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The Grace Project

Bearing witness to survivors of narcissistic abuse

Welcome to the Grace Project

‘I am a therapist working with survivors of narcissistic abuse. The men and women I have come to know are courageous, insightful and determined people. They are truly an inspiration. Initially, when they came in for therapy it was often depression or anxiety or an eating disorder or alcohol dependency that they disclosed but after some time it became clear to me that something much more sinister was going on. Over time it emerged that they were being belittled, verbally and/or physically abused, diminished, stolen from, controlled, lied to and lied about, on a daily basis. This was often a partner but parents, children, siblings, colleagues, therapists and others could also behave in this way. 

Very often this turns out to be narcissistic abuse or indications of coercive control (a crime).


This is likely at the heart of maladaptive behaviours and their abusive partners were only too happy to frame this suffering as their partner’s ‘madness’. This is projection. The madness is in them. Narcissistic abusers are masters/mistresses of manipulation. 

This form of abuse is smoke and mirrors and the abuser grooms everyone in his or her life. No one is spared their version of events. In the end the partner of the narcissist is left alone, confused, sick and mentally very unwell. Often, they blame themselves. It is for this reason that I consider narcissistic abuse the perfect murder. More often than not it is the abuser who gains sympathy. The truth is that the narcissistic abuser treats everyone as a fool.


Margaret Ward-Martin, Founder

BA (Hons), MA, PGCE, Post Graduate Cert. in Coaching Psychology, MBACP, Int. Aff. APA

Why Naturopathy

The Grace Project in the media

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Are you suffering from relationship burnout?

BACP counsellor Margaret Ward-Martin, founder of The Grace Project (, describes relationship burnout as “a bit like buying a house and only noticing the damp patches after you move in”.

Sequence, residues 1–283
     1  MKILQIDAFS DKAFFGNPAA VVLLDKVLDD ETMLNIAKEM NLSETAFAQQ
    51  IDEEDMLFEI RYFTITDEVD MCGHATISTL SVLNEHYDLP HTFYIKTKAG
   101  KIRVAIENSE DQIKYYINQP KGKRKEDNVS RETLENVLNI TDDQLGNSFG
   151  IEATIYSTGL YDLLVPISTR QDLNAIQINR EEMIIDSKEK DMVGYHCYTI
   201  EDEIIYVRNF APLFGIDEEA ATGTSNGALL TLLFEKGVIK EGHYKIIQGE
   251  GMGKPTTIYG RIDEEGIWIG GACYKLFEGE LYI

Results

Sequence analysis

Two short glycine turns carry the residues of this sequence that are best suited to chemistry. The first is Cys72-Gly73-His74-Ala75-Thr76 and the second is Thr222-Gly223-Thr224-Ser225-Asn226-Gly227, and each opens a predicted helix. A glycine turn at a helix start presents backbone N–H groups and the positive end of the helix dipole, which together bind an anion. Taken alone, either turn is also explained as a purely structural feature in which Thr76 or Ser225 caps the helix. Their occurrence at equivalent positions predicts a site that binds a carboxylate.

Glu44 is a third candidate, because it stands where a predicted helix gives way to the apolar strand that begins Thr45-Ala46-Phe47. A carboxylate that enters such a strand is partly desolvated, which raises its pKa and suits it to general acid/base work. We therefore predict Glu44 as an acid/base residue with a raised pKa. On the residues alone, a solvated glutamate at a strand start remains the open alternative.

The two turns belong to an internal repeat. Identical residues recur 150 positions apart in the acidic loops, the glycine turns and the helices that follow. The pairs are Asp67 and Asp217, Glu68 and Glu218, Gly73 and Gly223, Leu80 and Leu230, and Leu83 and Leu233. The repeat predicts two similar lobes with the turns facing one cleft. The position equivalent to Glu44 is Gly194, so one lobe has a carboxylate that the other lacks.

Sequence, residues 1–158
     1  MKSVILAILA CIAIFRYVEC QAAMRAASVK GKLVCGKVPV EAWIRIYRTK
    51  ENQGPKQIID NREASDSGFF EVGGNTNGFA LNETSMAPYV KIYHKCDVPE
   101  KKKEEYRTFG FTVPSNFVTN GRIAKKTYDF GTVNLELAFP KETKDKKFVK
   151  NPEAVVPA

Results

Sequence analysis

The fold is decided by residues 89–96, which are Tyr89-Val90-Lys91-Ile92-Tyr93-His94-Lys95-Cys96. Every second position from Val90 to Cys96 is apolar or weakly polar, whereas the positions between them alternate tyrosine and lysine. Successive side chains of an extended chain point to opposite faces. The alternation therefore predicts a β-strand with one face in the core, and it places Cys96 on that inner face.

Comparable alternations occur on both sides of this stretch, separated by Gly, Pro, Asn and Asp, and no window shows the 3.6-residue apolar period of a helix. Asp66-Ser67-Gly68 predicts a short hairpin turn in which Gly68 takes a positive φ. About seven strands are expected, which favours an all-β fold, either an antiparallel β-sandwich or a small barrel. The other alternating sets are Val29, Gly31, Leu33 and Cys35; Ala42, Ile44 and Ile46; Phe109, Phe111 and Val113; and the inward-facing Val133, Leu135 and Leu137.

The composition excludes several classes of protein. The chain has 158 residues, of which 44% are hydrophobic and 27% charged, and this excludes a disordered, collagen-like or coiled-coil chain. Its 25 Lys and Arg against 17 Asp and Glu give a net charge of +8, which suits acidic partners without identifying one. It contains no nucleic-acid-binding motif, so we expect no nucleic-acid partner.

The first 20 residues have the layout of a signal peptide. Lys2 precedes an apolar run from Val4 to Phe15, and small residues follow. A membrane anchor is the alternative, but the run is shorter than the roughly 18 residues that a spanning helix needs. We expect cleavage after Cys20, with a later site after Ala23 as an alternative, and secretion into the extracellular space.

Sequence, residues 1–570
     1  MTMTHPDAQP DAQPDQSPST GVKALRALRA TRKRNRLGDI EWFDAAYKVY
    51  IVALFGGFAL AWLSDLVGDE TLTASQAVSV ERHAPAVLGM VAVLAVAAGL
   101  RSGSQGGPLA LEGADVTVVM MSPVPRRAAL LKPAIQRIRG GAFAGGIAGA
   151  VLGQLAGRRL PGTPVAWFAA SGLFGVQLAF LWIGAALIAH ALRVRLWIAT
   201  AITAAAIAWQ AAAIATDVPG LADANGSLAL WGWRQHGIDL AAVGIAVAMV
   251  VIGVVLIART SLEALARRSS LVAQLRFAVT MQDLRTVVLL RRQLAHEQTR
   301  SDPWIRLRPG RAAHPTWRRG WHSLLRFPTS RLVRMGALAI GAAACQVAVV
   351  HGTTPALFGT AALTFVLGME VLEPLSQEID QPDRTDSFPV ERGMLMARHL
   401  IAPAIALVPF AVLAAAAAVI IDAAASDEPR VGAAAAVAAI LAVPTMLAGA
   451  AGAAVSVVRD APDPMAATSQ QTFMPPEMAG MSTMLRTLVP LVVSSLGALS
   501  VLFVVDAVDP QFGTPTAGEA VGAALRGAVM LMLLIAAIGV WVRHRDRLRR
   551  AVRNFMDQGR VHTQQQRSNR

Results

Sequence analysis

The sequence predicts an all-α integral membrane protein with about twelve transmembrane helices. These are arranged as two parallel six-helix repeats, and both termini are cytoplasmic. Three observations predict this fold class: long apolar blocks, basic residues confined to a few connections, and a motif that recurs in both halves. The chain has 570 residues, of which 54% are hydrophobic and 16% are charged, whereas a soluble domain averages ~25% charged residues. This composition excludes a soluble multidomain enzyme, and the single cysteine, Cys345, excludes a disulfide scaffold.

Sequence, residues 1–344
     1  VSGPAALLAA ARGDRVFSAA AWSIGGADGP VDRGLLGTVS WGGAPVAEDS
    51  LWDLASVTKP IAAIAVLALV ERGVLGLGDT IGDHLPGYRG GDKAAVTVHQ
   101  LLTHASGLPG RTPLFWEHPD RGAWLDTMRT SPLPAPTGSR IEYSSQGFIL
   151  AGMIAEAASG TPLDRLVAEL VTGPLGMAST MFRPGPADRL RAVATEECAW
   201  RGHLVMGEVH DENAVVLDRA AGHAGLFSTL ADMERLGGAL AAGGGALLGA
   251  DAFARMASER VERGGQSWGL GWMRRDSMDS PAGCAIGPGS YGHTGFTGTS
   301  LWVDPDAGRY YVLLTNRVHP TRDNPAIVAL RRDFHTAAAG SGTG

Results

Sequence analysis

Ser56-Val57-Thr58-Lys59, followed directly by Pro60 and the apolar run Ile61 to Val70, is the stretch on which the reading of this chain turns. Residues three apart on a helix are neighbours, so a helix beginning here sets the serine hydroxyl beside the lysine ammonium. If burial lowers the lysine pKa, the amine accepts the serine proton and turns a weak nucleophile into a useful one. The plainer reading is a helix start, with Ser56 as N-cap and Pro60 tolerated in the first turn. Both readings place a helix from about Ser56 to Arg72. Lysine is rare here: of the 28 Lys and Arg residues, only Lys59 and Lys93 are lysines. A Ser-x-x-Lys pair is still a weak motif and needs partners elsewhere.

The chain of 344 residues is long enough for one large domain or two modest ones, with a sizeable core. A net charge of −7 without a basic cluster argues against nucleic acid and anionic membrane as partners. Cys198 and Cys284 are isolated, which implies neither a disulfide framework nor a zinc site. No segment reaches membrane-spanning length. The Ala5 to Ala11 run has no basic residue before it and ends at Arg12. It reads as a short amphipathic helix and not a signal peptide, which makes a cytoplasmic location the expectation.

Whether you’re married or not, once the honeymoon phase is over, it’s easy to become complacent – or for the stress of daily life to wear you down.

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Ward-Martin says letting go of perfectionism is a good first step: “It’s unhelpful – as humans we are fundamentally flawed.” As is apologising for your role in contributing to the situation, which means three things: “A meaningful apology, an amend, and not repeating the cause of sorrow.”

If you’re struggling to deal with the issues that come up, relationship counselling may help, and there are practical steps you can take to reestablish intimacy.

Are you suffering from relationship burnout?

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11 Ways Parents Make Their Kids Feel Guilty Without Realizing It

“As little ones, the greatest joy for a child is to see their caregivers happy,” said therapist Margaret Ward-Martin. “All they want to do is to please them and so they will — at the cost, sometimes, of what they want, thus giving rise to the disease of people-pleasing. Children feel bad if they feel they have let the grown-ups in their lives down; this is guilt.”

Ways we can help you...

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Listen to our podcast

Visit our podcast page where you will find audio and videos from Margaret and interviews with experts in the areas of narcissitic behaviour, mental abuse,


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Above all, the mission of The Grace Project is to raise you up and to help you recognise the power you have as a survivor and thriver.

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